Bay Area transit agencies drop mask mandate after court ruling

Florida judge rules against CDC

Bay Area transit agencies lifted mask restrictions Wednesday after a federal judge in Florida overturned the mandates.

BART dropped the requirements but did not embrace the changes, with board President Rebecca Saltzman saying the agency will consider a mandate of its own when it meets April 28.

Riders seemed to largely ignore the change, with most still wearing facial coverings. During the Wednesday evening commute on BART, 90-95% of BART riders still had on their masks.

However, a week of mask-free riding may be too difficult to reverse, as some commuters could embrace the change after two pandemic years.

U.S. District Judge Kathryn Kimball Mizelle of Florida ruled Tuesday that the Centers for Disease Control and Prevention is not authorized to enforce the travel and transit mask mandate.

The federal government appealed on Wednesday after the CDC determined that masking was essential for protecting the public from the spread of COVID-19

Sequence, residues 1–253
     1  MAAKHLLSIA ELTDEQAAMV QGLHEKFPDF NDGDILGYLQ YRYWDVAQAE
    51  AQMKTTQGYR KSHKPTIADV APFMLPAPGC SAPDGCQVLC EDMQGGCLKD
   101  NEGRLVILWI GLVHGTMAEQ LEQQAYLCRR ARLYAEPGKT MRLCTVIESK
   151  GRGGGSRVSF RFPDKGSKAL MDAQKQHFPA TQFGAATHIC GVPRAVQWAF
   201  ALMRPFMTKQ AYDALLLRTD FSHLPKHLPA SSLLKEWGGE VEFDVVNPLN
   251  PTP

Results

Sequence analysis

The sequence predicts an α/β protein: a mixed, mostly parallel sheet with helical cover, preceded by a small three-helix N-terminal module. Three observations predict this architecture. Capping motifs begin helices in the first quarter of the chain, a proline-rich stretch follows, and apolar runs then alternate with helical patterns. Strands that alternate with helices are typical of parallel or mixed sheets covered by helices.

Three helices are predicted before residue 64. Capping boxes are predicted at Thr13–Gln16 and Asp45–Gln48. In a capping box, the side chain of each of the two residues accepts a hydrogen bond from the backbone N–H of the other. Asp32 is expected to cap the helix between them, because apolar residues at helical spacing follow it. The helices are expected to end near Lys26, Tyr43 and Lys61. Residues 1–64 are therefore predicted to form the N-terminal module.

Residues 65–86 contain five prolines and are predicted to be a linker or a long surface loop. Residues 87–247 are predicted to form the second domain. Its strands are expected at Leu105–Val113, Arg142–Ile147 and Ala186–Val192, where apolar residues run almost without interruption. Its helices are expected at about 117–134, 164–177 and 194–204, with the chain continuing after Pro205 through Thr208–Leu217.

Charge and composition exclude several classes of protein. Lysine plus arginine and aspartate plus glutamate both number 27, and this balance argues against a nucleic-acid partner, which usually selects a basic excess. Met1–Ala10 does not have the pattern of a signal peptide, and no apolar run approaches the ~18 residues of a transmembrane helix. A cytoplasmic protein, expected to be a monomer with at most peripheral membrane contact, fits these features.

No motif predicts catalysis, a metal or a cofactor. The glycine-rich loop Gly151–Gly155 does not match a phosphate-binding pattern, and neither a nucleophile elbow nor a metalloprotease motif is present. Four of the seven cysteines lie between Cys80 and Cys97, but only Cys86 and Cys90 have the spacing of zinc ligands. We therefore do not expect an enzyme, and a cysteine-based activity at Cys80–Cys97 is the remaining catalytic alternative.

Many airlines, Uber and Lyft quickly dropped the masking requirement, as did most Bay Area transit agencies, including Muni, AC Transit, Caltrain and the Valley Transportation Authority in Santa Clara County.

In a statement to reassure passengers, BART noted it has Merv 14 air filters on all train cars, both new and old.

The government’s decision to appeal will not change the status unless a higher court stays the order. The appeal carries risks for the CDC. If the government loses, the decision could call into question the CDC’s authority. If the government wins, there may be a public backlash.

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